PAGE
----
Pastor took time during the service today to dedicate Zach’s mouthpiece to the Lord. It was bizarre, but sweet. I know that Zach will remember this for a long time, and I’m sure that he’s been edified, encouraged. Goodness knows he needs someone on his side.

And stranger things have happened here.

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This happened in our neck of the ghetto:

Man shot while interceding in pit bull attack
Police: Victim was trying to stop dog from hurting other canines when gunman fired.

An Eastside man was shot twice Sunday while trying to stop a pit bull attack on two neighborhood dogs, police said, and fell to the sidewalk as his children watched.

Michael Haynes Jr., 41, was in stable condition Sunday evening at Wishard Memorial Hospital after undergoing surgery to treat his chest wounds. Indianapolis metropolitan police continued to search for the shooter and the pit bull.

The children were in the Haynes’ front yard with their small dog, Duchess, when the shooter was walking his dog north in the 1200 block of Tecumseh Street, neighbors and police said. One resident, Tracey Matthews, said the small dog from her next-door neighbor’s home had gotten loose, and both dogs were being threatened by the pit bull.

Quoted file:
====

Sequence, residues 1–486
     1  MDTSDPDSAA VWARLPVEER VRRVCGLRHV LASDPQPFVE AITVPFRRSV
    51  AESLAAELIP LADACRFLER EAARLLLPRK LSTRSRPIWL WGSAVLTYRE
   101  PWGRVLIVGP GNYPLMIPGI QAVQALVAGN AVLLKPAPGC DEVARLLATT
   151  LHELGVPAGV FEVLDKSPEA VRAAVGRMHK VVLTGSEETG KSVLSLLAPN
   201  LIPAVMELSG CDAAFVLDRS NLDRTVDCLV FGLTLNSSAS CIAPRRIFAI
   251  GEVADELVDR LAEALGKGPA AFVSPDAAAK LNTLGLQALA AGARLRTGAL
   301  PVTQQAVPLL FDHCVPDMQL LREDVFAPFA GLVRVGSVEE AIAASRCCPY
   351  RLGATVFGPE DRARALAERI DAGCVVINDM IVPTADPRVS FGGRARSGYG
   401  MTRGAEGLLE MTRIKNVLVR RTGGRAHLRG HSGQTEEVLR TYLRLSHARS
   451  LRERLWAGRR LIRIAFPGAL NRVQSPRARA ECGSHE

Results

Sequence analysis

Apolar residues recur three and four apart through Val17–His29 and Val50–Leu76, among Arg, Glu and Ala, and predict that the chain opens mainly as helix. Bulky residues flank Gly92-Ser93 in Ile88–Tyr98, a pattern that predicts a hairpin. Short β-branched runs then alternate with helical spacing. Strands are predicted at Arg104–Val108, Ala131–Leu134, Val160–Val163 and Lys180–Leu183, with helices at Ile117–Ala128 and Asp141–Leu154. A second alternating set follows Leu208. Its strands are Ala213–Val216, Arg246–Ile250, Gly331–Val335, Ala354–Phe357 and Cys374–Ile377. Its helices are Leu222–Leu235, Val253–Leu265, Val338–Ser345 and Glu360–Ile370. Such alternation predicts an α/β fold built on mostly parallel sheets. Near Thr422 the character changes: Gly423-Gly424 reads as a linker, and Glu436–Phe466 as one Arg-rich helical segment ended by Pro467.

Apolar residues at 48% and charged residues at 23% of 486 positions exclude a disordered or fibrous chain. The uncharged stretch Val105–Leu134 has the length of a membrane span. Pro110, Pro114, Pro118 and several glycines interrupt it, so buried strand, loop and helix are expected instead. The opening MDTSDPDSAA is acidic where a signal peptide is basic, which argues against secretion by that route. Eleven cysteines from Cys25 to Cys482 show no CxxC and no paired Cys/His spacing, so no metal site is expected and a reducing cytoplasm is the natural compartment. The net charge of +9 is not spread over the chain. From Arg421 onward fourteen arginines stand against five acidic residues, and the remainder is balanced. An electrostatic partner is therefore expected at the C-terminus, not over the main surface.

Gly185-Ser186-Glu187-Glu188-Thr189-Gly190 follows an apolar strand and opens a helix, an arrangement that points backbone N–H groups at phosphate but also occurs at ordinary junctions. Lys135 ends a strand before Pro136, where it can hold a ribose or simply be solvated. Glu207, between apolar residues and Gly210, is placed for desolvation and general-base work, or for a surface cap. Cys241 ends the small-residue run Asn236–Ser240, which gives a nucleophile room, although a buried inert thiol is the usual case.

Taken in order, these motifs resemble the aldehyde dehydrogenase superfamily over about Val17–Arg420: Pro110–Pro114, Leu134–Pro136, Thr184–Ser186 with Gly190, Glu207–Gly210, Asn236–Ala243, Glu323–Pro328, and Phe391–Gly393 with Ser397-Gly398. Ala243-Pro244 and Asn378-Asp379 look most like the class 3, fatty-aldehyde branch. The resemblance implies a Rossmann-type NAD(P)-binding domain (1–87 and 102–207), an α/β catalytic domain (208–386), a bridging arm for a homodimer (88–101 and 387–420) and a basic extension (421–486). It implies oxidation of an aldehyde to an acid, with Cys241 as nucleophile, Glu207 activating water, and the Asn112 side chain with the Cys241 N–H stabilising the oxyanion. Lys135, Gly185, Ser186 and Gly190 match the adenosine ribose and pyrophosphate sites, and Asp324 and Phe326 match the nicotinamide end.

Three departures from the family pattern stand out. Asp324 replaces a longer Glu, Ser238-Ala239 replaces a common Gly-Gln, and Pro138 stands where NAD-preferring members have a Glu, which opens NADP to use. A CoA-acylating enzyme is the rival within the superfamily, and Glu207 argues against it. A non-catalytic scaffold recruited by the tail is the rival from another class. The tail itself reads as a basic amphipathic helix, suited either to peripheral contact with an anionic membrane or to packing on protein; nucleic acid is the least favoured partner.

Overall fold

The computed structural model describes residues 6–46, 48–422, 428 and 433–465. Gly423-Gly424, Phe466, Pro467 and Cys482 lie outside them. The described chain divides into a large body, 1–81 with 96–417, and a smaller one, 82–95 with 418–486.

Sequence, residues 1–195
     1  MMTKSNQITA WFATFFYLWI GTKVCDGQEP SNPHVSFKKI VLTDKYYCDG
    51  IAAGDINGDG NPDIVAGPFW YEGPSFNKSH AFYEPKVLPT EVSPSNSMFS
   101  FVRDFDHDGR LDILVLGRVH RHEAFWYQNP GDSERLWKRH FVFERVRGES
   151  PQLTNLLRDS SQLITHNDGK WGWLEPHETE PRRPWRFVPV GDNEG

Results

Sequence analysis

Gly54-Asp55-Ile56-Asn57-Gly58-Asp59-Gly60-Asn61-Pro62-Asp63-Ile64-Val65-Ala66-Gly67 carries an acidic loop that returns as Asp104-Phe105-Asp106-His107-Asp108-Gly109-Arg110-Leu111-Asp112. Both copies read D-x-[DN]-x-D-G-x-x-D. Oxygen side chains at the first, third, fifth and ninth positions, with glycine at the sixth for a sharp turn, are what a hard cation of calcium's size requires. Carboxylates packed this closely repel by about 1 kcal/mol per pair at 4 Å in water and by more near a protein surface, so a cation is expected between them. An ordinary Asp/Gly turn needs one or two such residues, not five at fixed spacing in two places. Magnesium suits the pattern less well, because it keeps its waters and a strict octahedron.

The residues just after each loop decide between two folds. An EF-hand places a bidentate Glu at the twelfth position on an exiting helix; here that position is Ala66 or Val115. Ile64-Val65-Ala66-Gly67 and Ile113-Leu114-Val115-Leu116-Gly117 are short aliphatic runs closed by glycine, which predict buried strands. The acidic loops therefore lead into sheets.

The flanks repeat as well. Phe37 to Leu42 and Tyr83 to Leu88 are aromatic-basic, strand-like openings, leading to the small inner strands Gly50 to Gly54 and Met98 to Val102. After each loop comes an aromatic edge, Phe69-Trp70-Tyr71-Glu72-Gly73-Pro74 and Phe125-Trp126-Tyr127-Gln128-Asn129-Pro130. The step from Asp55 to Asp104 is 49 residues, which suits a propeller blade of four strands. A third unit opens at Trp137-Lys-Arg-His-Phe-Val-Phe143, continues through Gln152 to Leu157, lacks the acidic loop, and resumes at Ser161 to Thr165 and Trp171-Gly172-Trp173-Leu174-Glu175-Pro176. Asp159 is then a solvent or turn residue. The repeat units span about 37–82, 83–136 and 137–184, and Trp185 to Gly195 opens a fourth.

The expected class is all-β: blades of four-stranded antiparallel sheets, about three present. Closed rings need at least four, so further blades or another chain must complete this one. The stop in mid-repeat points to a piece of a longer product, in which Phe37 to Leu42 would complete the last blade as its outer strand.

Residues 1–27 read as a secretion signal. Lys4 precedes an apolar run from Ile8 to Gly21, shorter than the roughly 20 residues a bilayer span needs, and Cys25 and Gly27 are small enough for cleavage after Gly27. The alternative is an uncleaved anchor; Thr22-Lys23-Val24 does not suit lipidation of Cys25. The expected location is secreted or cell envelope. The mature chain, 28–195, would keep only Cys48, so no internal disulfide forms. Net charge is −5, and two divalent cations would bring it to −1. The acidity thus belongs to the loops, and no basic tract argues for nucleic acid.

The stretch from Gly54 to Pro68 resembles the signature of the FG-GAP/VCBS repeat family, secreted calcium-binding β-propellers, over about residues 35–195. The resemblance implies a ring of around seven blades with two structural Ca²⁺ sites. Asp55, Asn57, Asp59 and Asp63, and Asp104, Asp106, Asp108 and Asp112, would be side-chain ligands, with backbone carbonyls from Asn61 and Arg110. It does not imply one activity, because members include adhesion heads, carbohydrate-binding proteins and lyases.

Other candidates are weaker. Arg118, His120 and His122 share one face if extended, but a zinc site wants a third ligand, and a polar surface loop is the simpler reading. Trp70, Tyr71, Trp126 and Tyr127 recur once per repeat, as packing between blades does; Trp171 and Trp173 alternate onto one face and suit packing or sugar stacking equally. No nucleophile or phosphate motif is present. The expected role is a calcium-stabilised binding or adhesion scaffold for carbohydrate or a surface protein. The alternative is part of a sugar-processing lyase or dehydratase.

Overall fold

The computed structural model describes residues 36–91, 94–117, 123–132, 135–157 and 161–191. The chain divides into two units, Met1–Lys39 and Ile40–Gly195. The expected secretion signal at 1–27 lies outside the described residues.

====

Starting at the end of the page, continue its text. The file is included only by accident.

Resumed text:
The pit bull latched onto one of those dogs and wouldn’t let go, police said. Haynes was trying to get that dog away from the pit bull, when a friend came out of the house wielding a rolling pin.

That’s when, neighbors and police said, the dog-walker pulled a handgun from his waistband and said something like, “I told you not to touch my dog,” before opening fire.

“The kids were hysterical,” said neighbor Anita Graeser, a 25-year-old graduate student studying counseling at Christian Theological Seminary.

She took all five children, ranging in age from 2 to 10, into her house after the shooting.

The gunshots woke Graeser from a nap. She said Haynes’ friend might have given the rolling pin to Haynes or tried to use it himself. The aftermath of the shooting was chaotic, she added, as the man with the dog quickly left north on Tecumseh.